Johnson makes no secret of his antipathy towards Morley, ZTT’s arch-strategist, who once quantified the FGTH recipe on Naked City (Zzzz) as: “Eighty per cent Trevor Horn, 15 per cent Paul Morley and 5 per cent Frankie Goes To Hollywood,” adding that Holly Johnson’s talents qualified him for stewardship on the QE2. Ooh, the minx.
By contrast, Johnson is very positive about Horn’s expertise and taste, pointing out that “you can hear the Frankie sound in loads of records. For instance, the KLF borrowed a lot of ideas and the Pet Shop Boys have used many people we were involved with… like Trevor Horn, Andy Richards and Julian Mendelsohn.”
The second coming of ‘Relax’ prompted new bosses WEA to offer certain, but not all, Frankie members reasonable inducements to regroup to promote Bang… The Best Of Frankie Goes To Hollywood properly. Here the boys are united. Paul Rutherford refuses to entertain the idea, saying “it would make Frankie seem like The Tremeloes”. Johnson turned down a deal to lip-synch on TOTP. “It would be stupid to promote the record actively again after the court case. In fact, I tried to get the group together for an AIDS benefit 18 months ago and met with such hostility from some members that it couldn’t possibly have worked.”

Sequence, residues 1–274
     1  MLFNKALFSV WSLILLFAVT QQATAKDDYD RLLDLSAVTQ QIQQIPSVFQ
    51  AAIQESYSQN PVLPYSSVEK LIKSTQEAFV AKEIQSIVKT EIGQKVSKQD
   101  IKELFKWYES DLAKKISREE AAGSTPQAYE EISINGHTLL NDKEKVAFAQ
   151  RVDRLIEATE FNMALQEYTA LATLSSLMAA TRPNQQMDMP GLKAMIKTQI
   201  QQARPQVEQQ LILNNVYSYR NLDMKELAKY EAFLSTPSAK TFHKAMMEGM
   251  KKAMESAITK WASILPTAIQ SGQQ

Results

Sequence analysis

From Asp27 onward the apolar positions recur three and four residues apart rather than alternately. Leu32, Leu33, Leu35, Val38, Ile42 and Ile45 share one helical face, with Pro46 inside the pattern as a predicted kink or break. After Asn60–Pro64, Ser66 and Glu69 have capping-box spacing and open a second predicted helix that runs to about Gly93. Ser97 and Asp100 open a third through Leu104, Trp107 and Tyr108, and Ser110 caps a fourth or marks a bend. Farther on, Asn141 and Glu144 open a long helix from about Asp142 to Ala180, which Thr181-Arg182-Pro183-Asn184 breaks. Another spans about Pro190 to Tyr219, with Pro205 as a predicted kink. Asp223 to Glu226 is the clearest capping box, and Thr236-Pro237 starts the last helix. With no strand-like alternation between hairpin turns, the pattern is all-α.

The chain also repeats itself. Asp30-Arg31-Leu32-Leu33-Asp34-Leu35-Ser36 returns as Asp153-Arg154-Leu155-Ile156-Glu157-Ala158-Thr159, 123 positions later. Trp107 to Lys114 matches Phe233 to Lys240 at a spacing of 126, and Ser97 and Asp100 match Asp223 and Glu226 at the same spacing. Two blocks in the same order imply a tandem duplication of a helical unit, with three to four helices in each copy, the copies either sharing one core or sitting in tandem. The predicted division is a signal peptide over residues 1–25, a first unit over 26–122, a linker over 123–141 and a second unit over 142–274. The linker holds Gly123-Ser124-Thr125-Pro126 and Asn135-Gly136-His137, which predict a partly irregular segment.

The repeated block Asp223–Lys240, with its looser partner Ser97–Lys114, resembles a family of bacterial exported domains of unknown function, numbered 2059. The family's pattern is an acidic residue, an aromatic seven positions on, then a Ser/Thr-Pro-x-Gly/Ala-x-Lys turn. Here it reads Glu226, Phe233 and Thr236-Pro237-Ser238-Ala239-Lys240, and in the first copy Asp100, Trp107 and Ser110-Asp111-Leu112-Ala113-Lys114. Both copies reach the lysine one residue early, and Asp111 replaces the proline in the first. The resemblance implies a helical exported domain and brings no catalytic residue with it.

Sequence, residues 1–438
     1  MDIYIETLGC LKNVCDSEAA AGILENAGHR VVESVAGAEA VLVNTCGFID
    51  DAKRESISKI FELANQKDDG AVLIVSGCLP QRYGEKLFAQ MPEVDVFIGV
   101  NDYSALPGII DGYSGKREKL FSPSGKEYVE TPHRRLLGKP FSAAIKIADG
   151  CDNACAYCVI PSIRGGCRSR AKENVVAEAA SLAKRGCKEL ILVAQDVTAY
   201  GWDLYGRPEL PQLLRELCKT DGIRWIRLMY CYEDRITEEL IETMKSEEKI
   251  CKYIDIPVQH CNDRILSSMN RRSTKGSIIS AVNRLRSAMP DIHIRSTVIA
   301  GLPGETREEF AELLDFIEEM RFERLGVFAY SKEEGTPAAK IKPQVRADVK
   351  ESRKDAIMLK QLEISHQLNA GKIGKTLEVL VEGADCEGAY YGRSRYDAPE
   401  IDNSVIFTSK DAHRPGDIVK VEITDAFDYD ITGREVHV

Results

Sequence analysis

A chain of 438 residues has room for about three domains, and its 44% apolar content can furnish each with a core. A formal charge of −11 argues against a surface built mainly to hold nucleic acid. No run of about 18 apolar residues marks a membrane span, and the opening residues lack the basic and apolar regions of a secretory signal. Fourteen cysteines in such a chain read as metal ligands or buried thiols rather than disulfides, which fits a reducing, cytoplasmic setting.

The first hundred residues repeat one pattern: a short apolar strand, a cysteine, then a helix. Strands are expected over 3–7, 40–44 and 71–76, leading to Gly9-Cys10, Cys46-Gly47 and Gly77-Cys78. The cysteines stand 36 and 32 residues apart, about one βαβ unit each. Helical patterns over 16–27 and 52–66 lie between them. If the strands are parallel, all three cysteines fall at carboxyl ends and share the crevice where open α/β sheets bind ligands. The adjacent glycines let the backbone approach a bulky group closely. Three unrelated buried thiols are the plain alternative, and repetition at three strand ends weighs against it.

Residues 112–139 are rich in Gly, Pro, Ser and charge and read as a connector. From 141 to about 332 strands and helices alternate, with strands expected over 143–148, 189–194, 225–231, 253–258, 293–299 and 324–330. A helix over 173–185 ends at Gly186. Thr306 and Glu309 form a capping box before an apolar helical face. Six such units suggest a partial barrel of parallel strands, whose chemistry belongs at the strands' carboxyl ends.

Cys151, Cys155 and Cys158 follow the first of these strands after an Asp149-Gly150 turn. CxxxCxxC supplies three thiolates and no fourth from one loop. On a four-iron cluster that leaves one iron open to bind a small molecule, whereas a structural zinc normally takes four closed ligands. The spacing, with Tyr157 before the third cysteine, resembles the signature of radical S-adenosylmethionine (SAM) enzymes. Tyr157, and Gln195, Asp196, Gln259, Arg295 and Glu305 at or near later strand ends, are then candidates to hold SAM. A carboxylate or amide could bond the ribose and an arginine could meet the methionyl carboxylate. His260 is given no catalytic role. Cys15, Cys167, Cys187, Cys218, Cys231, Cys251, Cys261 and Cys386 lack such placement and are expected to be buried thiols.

Meanwhile, the lads are rarely in touch. Mark O’Toole moves between Los Angeles, Florida and Kirkby, pursuing his own career. Peter Gill has done some drum programming with Johnson in the past and is currently living in Hull. Brian Nash is living in London, working with his new group Doctor Jolly’s Salvation Circus. Nasher is adamant that “there isn’t enough money in the world to get me back into Frankie. I’ve spent five years trying to distance myself from it all. It’s funny being a pop star again but the success of ‘Relax’ just shows up the retro indie movement. Even the club scene must be into nostalgia because they were playing the mixes in the clubs for weeks before the record came out.”
One further irony: since the group have only recently gone into the red on their original deal, they will make far more money pro rata from Frankie—